Cologne school massacre
|Cologne school massacre|
|Location||Cologne, West Germany|
|Date||11 June 1964 |
|Mass murder, school massacre, murder-suicide, massacre|
|Weapons||Flamethrower, spear, homemade mace|
|Deaths||11 (including the perpetrator)|
|Motive||Feelings of persecution|
The Cologne school massacre was a mass murder that occurred at the Catholic elementary school (German: katholische Volksschule) located in the suburb of Volkhoven in Cologne, West Germany on 11 June 1964. The perpetrator, Walter Seifert, also known as "Der Feuerteufel von Volkhoven" ("Firedevil of Volkhoven"), attacked the people at the school with a home-made flamethrower and a spear, killing eight pupils and two teachers, and wounding twenty-two others. When police arrived at the scene, he fled from the school compound and poisoned himself. He was taken to a hospital, where he died the same evening.
Willi Walter Seifert (19 June 1921 – 11 June 1964) was born in Bickendorf, a district of Cologne. He was the son of a glass-grinder and had a brother. From 1927 to 1935 he attended the Volksschule in Ehrenfeld, and afterwards started an apprenticeship as metal worker at a machine factory, which he successfully finished in 1939. In 1941 he was drafted into the Luftwaffe and attended the Waffentechnische Schule der Luftwaffe (Weaponry Technology School of the Airforce) for a year. By the end of the war he was a sergeant in an anti-aircraft battery and afterwards was a prisoner of war for several months.
Seifert worked for a Cologne car factory, before joining the Schutzpolizei on 14 November 1945. On 23 August 1946 he was treated for a bronchial catarrh, and an examination by a specialist on 5 September diagnosed with tuberculosis in the right lung, resulting in his dismissal from the police on 30 September, as he was unfit for service. From then on Seifert attempted to enforce his claims for subsistence, feeling he was being treated unfairly by the government which he claimed was cheating him of his war pension.
In 1953 his tuberculosis was found to be inactive and Seifert declared to have a reduced earning capacity of 30%, though any causality between his illness and his imprisonment during the war was denied. Seifert contested this, accused the doctors of creating false medical reports and complained in long letters to various authorities about his problems.
In August 1954 Seifert was examined by a public health officer, who was of the opinion that he was not in need of a regimen, but suggested that he could be sent to a sanatorium for observation. The doctor also noted in his report that Seifert was a mentally devious person with no will to recover. Seifert again contested the report and wrote a letter titled "Sozialpolitik - Sozialärzte — Sozialmord" (social politics — social doctors — social murder), whereupon he was examined by a medical specialist for neurology and psychiatry, who noted Seifert's quirky behaviour, his scattered train of thought, and his constant smile in inappropriate situations. He also recorded that Seifert harboured paranoid thoughts about his doctors and showed a peculiar fanatical behaviour, coming to the conclusion that he was a paranoid schizophrenic, but since he did not show any violent or dangerous behaviour the doctor deemed it unnecessary to hospitalise him in a mental institution.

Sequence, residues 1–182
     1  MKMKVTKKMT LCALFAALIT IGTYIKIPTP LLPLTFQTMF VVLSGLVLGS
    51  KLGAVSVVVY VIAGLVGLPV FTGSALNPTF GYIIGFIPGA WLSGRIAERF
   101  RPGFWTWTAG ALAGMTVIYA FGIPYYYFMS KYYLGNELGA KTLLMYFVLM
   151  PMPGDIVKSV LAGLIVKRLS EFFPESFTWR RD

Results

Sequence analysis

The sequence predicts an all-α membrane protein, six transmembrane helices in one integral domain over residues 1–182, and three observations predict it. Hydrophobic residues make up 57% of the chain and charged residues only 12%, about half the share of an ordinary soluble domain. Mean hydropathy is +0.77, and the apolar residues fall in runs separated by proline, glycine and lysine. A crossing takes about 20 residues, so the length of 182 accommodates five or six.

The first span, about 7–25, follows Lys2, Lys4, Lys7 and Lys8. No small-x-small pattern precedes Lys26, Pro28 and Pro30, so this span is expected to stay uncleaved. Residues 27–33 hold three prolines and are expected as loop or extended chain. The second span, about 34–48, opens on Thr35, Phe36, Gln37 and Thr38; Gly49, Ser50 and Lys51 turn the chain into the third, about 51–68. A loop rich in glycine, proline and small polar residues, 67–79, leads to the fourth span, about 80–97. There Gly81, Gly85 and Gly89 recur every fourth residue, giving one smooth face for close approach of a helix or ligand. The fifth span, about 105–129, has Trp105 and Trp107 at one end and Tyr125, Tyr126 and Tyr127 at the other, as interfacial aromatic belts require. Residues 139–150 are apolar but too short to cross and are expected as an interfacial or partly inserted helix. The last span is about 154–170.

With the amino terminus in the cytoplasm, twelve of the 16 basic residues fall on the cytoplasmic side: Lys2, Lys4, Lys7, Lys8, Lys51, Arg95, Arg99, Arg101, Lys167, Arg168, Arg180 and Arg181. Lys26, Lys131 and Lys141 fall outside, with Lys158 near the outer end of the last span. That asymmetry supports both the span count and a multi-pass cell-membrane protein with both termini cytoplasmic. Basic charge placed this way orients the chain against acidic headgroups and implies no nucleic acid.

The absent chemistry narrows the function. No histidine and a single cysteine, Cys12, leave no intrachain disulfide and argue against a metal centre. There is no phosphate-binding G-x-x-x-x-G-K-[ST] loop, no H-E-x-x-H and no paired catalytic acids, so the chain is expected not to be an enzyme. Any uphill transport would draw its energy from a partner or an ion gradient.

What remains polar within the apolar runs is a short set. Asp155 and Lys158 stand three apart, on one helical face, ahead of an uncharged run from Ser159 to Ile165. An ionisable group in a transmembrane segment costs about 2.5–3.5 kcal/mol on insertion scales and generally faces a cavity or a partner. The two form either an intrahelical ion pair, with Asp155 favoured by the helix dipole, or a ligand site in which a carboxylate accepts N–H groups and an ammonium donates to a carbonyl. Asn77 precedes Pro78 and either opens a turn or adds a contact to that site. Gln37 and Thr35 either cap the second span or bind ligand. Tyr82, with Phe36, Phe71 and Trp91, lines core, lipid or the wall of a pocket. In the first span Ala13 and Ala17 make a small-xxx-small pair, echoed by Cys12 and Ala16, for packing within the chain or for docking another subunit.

Around that time[when?] Seifert revealed to his brother that he had a plan to kidnap young girls, to use them[clarification needed] whenever he wished. According to his brother's statement, Seifert intended to ambush the girls on country roads, stun them and then bring them home on his moped trailer to hold them captive in a cellar, of which he had already made sketches.
On 7 October 1955 Seifert married Renata Urszula and reportedly fell apart when she died of an embolism during premature birth on 11 February 1961. Holding the doctors responsible for the death of his wife he wrote a 120-page letter titled "Muttermord — Einzelschicksal und Analyse eines Systems" (Matricide - Individual fate and analysis of a system), and sent it to agencies, doctors and pharmaceutical manufacturers. Therein he tried to prove that the treatment of his wife's embolism was done wrong, called society a criminal system and equated doctors with murderers, writing:
- The doctor is the greatest mass murderer of the poor in the history of mankind (...) What to do? Appeal to their 'conscience' – useless, whoever does something like that has no conscience. Does the aforementioned science count before any court? No, thus begins the vigilante justice, the terror of the medical society in the pluralistic chaos of criminality. But terror can only be extirpated with counter-terror, and whoever denies me the protection of the law forces the cudgel into my hand.
Seifert had made all of his weapons about two months prior to the attack. The spear was made from a broomstick and a triangular scraper, while he used a pump bracket to create the mace. His flamethrower was made from an insecticide sprayer with a wire netting attached to the nozzle, and filled with a mixture of old motor oil and paint thinner.
On 11 June 1964, shortly after 09:00, Seifert approached the schoolyard of the Catholic elementary school located at Volkhovener Weg 209-211, armed with a self-made flamethrower, a spear and a mace. The school consisted of one main building and four wooden barracks, each housing two classes with a total of eight teachers and 380 pupils.
As Seifert entered the school compound through the smaller of two gates he was observed by three crossing guards who mistook him for a mechanic trying to repair the gate's broken lock and asked him what he was doing there. Seifert ignored them and, after blocking off the gate with a wooden wedge, proceeded towards teacher Anna Langohr who was teaching a group of girls in sports at the schoolyard. When Langohr, who knew Seifert, asked if she could help him, he ignited his flamethrower and attacked her and the girls.